Electronic Medical Records: 18 Ways to Reduce Legal Risks

Carolyn Buppert, NP, JD

Disclosures

January 13, 2010

The Move to Electronic Medical Records

Both the current and former presidents have heralded electronic medical records (EMR) as a way to avoid medical mistakes, reduce costs, and improve care. EMRs do offer safeguards and efficiencies. However, the technology brings a new set of risks to the table, and, EMRs do not eliminate a significant set of risks that are present whether one uses the pen or the keyboard.

The benefits of EMR include immediate access to records, improved legibility, standardized documentation when using templates, built-in safety mechanisms, and clinical decision support. The likelihood that clinicians will be faced with the risky business of conducting a visit without a patient record, that pharmacists, auditors, and other clinicians will be hampered by sloppy handwriting, or that clinicians will prescribe a medication that the patient is allergic to will be reduced.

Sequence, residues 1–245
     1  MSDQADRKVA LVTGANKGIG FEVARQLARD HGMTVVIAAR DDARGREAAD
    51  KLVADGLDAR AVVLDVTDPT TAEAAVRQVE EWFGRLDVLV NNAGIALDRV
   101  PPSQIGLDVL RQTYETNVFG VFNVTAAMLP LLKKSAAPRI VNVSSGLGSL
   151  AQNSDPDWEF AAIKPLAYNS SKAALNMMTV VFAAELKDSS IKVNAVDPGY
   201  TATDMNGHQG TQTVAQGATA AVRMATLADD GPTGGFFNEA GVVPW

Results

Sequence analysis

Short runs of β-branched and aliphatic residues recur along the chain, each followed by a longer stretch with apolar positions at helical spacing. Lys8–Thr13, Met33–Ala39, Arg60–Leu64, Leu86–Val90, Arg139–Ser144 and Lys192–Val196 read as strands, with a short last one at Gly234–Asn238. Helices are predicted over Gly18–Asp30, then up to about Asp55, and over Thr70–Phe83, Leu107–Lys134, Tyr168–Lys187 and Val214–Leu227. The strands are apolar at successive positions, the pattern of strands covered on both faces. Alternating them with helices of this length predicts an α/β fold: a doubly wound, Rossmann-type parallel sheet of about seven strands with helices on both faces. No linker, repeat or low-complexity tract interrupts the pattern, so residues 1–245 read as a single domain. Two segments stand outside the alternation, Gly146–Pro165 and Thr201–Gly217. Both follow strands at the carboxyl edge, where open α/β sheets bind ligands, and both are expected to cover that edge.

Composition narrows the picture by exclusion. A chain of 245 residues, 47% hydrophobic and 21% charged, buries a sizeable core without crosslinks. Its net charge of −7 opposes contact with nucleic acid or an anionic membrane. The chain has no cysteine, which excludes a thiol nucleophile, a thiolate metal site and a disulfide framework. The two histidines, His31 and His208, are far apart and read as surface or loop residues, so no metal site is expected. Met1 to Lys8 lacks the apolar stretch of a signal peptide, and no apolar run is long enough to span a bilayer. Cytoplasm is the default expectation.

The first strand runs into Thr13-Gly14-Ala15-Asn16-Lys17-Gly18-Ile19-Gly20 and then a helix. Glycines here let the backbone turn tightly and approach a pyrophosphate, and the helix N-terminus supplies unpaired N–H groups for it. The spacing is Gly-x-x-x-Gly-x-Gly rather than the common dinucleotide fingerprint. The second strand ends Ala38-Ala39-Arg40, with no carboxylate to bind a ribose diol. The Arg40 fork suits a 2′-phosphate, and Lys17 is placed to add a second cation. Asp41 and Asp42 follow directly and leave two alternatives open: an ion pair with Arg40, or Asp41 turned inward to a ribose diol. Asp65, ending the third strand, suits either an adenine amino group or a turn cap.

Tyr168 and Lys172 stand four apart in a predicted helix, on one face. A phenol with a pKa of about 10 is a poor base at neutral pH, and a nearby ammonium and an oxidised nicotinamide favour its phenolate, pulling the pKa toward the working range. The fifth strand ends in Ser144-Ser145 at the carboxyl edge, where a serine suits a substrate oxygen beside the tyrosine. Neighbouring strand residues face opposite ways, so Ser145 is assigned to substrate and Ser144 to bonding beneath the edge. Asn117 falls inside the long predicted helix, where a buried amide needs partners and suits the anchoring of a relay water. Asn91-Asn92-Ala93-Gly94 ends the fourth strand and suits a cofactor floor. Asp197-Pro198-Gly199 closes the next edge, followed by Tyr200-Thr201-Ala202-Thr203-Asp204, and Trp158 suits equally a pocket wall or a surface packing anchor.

On the other hand, EMRs may generate new calamities. For example, some clinicians will be sloppy typists, just as some clinicians have bad penmanship. Malpractice defense may be hampered by an overabundance of meaningless documentation generated by the use of templates. Insurance auditors may doubt the veracity of documentation when, because of thoughtless use of templates, 15 of 17 records they requested look essentially the same. Furthermore, patient confidentiality (Health Insurance Portability and Accountability Act [HIPAA]) issues are raised when clinicians take medical records out of the office on laptops or thumb drives.

A clinician who has knowledge of and pays attention to these risks can decrease the chances of EMR-related mishaps. This article describes the risks and offers suggestions for reducing the risks.

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